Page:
Yesterday, the missus was talking to a set of highly educated and sophisticated young folks — all around or under 40 — and discovered (don't ask me how) that they all knew the word louse only in the figurative sense, as applied to human beings: "a contemptible person", as Merriam-Webster's has it.
They knew the plural form lice for the little critters pictured here, but not singular louse. At least one of them (probably the youngest) went to a school where she knew a kid who had head lice, so the creature isn't foreign to them either. It seems clear that the main meaning is now the human one, but Mrs. V was a little surprised that they'd lost the old, basic meaning entirely.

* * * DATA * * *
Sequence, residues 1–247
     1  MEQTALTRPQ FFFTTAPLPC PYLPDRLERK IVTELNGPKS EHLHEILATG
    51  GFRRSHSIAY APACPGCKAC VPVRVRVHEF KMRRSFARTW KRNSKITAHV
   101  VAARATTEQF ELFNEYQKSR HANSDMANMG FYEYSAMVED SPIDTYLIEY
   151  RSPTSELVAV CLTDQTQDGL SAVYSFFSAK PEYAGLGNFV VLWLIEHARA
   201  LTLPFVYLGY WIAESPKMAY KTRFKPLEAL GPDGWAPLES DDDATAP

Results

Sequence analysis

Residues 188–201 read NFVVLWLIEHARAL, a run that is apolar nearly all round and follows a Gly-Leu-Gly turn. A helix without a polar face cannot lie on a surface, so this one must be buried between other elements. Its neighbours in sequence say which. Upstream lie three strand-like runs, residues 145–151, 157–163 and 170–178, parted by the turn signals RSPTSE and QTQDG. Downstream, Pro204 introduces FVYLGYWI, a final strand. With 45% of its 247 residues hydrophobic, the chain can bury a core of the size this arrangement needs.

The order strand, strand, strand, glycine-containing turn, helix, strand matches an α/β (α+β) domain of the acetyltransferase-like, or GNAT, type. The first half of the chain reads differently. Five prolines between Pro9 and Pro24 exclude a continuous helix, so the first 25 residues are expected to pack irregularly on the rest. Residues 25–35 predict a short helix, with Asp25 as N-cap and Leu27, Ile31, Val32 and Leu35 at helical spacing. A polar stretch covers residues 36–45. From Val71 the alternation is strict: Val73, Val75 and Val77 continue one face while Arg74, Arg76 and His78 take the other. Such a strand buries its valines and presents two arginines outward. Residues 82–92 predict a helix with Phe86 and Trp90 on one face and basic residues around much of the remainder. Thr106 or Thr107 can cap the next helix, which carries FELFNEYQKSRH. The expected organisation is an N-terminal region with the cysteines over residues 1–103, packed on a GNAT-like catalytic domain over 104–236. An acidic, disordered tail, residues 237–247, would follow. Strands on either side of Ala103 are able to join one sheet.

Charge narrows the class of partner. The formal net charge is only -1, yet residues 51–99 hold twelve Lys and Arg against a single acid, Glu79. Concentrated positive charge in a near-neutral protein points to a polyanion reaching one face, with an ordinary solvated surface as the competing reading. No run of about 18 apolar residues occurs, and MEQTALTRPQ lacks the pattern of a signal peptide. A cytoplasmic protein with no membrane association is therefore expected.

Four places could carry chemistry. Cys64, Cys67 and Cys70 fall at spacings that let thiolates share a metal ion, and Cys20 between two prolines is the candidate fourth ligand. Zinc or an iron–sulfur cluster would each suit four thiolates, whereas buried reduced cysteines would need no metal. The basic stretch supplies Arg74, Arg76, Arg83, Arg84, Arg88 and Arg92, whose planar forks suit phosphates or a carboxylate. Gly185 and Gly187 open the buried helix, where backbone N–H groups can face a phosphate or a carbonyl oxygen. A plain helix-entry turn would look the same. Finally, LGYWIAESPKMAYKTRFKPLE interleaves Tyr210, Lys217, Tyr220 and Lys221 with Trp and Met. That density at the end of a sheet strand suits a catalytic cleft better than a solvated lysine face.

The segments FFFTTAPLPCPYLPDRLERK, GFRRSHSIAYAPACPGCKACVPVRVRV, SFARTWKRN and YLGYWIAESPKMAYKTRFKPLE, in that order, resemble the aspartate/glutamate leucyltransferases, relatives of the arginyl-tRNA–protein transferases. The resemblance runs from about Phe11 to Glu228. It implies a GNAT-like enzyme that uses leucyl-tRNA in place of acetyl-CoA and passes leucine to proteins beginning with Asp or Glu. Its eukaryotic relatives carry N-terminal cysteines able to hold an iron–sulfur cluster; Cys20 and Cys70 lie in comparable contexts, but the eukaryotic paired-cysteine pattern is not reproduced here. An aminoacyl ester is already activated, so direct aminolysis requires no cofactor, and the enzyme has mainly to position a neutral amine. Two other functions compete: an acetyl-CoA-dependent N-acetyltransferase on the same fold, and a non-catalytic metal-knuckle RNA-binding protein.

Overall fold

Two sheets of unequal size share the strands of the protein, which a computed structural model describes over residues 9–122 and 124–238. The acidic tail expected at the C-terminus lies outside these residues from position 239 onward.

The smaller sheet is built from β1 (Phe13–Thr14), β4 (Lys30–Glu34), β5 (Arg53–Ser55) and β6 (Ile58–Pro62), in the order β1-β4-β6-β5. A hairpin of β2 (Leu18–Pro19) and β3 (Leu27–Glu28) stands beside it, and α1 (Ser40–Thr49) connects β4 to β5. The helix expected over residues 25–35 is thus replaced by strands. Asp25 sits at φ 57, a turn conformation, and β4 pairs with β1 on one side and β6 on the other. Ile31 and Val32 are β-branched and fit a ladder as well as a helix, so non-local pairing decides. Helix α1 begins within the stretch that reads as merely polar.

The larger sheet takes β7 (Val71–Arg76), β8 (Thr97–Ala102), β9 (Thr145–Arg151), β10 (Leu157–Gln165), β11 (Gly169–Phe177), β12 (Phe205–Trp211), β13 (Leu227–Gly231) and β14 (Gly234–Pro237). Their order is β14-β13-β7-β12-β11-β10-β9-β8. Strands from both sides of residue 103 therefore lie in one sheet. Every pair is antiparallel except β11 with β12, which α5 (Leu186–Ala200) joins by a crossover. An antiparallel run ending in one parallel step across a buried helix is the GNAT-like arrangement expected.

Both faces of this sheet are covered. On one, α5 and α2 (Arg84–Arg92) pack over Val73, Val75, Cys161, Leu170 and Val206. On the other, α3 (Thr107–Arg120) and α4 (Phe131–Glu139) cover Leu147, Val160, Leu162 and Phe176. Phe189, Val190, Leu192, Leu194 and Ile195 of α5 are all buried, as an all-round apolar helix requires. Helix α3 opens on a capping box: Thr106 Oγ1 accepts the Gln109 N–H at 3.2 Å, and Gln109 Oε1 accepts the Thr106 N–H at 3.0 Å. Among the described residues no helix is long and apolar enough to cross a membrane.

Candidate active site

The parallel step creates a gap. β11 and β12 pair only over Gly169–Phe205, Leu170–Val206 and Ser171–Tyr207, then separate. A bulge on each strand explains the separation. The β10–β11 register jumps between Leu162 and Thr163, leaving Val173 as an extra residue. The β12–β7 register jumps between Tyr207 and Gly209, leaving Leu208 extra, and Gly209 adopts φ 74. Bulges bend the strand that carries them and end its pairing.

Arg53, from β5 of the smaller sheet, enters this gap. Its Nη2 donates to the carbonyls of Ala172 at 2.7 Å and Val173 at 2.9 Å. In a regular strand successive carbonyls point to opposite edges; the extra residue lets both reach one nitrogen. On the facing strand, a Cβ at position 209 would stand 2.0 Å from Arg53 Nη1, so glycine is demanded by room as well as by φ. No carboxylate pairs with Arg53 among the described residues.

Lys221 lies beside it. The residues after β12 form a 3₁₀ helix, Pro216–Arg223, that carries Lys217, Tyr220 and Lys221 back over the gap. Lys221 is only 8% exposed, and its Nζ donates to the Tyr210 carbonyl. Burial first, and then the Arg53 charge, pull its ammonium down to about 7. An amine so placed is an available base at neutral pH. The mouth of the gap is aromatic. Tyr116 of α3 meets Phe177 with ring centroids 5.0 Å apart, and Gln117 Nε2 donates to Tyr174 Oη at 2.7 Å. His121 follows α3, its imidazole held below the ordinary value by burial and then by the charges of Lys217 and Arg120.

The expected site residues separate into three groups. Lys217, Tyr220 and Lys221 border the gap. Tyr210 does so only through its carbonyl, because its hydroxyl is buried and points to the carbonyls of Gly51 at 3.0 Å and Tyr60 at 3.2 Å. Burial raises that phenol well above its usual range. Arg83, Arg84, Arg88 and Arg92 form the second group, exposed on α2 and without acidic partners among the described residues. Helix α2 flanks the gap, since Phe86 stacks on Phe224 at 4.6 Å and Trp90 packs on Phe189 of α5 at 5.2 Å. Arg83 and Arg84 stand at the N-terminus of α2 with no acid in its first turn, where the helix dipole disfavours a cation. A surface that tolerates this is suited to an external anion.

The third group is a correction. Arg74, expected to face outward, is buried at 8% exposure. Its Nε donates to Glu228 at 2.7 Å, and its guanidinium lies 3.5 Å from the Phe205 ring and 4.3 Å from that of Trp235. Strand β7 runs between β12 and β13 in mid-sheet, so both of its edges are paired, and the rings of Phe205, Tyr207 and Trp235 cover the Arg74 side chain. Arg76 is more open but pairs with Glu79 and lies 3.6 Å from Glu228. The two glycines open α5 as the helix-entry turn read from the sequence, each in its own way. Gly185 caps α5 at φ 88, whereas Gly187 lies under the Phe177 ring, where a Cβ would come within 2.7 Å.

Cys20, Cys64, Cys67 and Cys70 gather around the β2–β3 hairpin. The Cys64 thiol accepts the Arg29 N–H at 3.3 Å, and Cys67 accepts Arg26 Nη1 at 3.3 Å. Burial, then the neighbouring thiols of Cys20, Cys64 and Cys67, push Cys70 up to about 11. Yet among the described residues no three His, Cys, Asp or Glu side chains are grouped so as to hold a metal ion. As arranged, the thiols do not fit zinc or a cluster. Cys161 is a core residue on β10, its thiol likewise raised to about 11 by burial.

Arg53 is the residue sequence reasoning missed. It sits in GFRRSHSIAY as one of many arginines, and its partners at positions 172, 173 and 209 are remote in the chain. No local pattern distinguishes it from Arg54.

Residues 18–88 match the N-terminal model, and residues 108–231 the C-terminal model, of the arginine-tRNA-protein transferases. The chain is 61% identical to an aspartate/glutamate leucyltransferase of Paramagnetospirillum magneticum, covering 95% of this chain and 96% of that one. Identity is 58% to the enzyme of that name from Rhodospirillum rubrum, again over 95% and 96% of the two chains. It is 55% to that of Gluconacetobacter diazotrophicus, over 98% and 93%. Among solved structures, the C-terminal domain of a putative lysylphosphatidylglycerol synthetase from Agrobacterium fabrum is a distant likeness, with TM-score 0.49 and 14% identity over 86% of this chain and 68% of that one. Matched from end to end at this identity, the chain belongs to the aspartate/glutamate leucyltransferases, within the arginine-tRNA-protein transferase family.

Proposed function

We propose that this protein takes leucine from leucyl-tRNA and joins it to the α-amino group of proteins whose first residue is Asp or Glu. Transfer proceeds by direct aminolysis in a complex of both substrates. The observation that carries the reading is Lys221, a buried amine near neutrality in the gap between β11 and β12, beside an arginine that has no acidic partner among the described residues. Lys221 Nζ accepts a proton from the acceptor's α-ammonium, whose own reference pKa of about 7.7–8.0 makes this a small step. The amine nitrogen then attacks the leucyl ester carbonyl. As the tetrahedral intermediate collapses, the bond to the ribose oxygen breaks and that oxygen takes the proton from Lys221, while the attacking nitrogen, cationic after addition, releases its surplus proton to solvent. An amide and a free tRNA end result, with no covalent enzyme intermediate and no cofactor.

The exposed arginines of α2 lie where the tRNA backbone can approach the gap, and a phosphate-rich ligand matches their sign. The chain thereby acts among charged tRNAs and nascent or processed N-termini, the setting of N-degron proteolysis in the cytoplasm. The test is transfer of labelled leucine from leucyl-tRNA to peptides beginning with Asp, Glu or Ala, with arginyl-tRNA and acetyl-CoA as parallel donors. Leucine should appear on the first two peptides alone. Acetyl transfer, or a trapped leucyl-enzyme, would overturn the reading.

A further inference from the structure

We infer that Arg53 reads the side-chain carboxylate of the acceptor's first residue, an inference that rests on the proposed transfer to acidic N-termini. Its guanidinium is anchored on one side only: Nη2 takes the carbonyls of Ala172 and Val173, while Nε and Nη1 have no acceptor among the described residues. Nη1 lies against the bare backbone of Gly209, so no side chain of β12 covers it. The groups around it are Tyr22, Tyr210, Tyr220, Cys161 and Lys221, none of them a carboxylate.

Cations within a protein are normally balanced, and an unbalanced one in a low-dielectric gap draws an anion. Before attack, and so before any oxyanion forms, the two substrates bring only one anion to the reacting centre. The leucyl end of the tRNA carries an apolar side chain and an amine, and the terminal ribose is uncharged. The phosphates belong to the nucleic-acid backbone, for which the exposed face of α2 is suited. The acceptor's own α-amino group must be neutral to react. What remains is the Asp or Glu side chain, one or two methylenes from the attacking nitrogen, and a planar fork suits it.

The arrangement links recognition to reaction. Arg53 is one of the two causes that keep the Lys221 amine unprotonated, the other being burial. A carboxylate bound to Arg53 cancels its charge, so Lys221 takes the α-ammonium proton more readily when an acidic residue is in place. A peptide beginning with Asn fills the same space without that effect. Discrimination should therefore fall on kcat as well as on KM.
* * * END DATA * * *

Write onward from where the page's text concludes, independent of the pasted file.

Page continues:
It's surely the case that most Americans are utterly unaware that lousy originally meant 'louse infested', and now louse is going the same way. (M-W does have that meaning of the adjective listed first still, by the way.)
Well, hey, I did say a tiny example of language change.
Image from here.